File spoon-archives/lyotard.archive/lyotard_2001/lyotard.0107, message 119

Date: Sun, 22 Jul 2001 19:59:36 -0500
Subject: Re: Popmart Levinas

Matthew and all,

Thanks for your interesting comments.  I'm no Marxist (although I do
think Marx is still very relevant to the current situation) so I can't
give you precise economic analysis, but I share your feelings.

The current time period does not seem to be a propitious one for the
arts, at least in America. I also recognize that artists today often
need to make a devil's bargain and admire how much innovation and
paralogy some have been able to accomplish even under these current

In presenting their concept of empire, Negri and Hardt have renewed a
theme that is rich in historical resonance.  I an struck by the some of
the analogies that can be made between the pax Romana and the current
pax America, both of which take the form of a militaristic hegemony.

In the Aeneid, Virgil has Anchises, the father of Aeneas, make the
following prophecy:

"For other people will, I do not doubt, 
still cast their bronze to breathe with softer features, 
or draw out of marble living lines, plead causes better, 
trace the ways of heaven with wands 
and tell the rising constellations; 
but yours will be the rulership of nations, 
remember, Roman, these will be your arts: 
to teach the ways of peace to those who you conquer.
to spare defeated people, tame the proud."  
(Mandelbaum trans.)

The historical fate of Rome was that it was remembered principally for
its engineering feats and development of the law rather than its arts. 
It seems America is destined to play a similar role.  However, it
remains an interesting pastime to ask what is taking place during this
contemporary time period that history will remember and deem

I would argue that there currently appear to be two trends that seem at
the very least to be strong contenders. One is the development of the
internet. The other is the trend towards globalization.  What this also
implies, however, is that this is not a particularly artistic age,
unless one were to argue that these achievements are our art.

These twin developments are ironic for America in a numbers of ways.  In
the first place, America wants to lay claim to both of these as its own
singular achievements. It also deems itself the winner of cold war and
therefore the heir apparent to hegemony in the world today.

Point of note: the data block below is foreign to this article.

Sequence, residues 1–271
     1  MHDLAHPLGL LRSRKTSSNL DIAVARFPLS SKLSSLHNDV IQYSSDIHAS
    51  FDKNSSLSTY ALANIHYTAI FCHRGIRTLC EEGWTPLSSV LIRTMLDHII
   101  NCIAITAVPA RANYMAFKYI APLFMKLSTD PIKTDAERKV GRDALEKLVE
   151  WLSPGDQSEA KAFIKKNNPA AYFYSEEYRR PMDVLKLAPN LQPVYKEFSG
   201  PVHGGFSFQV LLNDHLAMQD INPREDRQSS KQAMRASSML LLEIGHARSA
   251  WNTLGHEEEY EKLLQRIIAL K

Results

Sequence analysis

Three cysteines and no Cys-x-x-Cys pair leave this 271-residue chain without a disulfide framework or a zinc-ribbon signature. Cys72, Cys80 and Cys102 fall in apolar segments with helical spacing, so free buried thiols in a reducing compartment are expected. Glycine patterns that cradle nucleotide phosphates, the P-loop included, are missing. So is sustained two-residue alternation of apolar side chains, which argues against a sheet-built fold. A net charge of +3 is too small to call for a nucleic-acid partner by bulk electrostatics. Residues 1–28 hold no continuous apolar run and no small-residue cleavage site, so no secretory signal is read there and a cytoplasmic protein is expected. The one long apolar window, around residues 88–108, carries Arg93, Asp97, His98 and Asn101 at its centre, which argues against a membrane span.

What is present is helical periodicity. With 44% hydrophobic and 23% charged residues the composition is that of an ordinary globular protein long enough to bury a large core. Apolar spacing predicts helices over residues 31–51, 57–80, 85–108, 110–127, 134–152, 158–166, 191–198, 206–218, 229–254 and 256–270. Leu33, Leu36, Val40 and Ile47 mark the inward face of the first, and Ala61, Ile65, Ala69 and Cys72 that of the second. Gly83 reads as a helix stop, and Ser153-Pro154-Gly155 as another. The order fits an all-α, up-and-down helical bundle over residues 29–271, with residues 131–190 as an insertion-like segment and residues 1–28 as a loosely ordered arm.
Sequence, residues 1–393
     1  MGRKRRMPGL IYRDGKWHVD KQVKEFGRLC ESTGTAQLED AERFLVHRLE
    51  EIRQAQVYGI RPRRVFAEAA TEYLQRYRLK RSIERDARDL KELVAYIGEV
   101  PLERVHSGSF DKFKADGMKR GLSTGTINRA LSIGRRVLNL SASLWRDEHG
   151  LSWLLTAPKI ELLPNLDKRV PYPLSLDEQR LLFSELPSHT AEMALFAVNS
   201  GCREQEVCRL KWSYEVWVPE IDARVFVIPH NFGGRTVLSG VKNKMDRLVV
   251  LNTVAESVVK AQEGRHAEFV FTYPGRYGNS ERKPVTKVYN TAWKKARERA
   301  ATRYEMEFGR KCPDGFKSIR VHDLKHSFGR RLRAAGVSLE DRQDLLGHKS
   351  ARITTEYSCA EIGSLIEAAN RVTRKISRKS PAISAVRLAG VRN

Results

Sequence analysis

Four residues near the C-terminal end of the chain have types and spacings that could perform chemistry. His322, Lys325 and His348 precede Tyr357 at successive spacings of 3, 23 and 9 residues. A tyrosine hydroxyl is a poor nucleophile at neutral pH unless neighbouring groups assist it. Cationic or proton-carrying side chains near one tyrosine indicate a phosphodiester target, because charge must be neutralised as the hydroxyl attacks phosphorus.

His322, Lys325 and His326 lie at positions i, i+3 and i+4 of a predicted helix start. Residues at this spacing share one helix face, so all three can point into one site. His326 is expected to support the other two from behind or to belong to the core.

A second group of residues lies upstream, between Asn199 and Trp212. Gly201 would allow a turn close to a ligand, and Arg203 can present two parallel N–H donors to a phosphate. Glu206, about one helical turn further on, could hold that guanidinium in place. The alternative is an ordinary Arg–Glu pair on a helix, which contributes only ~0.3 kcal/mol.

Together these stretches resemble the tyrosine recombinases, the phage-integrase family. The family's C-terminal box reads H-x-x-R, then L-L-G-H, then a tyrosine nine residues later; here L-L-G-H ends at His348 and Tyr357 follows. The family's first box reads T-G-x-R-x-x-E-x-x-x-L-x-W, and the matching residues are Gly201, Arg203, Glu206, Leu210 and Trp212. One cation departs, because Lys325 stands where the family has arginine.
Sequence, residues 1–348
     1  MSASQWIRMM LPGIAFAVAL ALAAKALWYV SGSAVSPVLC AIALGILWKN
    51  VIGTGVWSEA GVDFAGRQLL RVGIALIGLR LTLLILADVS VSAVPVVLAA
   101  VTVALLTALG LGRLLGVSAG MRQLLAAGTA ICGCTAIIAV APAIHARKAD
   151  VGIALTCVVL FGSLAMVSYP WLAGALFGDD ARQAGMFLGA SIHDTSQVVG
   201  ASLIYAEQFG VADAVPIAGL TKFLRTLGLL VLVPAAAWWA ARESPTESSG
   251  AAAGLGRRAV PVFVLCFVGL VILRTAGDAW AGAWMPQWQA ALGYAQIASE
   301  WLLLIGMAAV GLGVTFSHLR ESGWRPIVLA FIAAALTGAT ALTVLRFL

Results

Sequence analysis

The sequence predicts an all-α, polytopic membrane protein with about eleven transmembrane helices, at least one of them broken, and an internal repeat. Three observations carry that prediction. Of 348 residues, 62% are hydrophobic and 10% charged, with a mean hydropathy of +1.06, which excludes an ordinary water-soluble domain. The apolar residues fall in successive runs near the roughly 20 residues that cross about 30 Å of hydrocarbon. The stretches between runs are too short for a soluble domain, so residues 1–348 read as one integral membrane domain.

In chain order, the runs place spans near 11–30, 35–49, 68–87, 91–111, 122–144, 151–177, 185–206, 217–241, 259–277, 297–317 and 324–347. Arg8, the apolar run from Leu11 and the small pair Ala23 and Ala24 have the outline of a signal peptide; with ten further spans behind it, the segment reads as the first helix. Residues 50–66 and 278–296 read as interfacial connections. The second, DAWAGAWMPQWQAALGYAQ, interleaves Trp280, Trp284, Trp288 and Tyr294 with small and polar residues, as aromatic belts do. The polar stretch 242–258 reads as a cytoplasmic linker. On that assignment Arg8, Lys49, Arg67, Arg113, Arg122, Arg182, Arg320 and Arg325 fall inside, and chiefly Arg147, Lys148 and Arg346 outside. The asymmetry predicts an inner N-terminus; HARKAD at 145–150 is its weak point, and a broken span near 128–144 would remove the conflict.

However, the reality is that America has acted only as a kind of midwife
to the developments. Already they have superceded America and emanate
from a centerless place which remains beyond its full control. Of
course, America is attempting desperately to reverse this situation,
through its missile defense and various other strategies, but it is
ultimately doomed to failure because the logic of these developments
call for new forms of association which America cannot provide.  It
already seems too provincial and strangely out of touch with the new
realities to regulate what is actually going on.

The second aspect relates to future artistic development. What the
internet and global society portend is the possibility of new
Renaissance when these infrastructures are firmly in place and a more
just global society emerges. Then, one can envision these new
technologies being applied in more aesthetic ways to create whole
environments based on the principle of play rather the work. This also
signals that the current aura of the artist as individual craftsman or
genius might be superceded by more communal and less gender specific
forms. Here again, it seems that the current period is merely laying the
foundation. It engineers what others will transform and use for strange
new creations.    

I'm not sure how Lyotard would see these developments in terms of the
mordernism/postmodernism axis.  I agree he equivocated about this in his
later works such as the essay "Rewriting Modernity" in "The Inhuman" to
which Steve alluded. There is a strong tendency for him to see
postmodernism as a mode rather than a historical epoch.  I also see him
as different from other postmodern theorists for this reason as well,
and the fact that he is far more political.  However, to echo the theme
of "The Posthuman" if the internet and globalism are related to the
forms of complexifiation of which Lyotard spoke and these could emerge
in a context of greater justice where "the information is free" what
kind of epoch does this portend?


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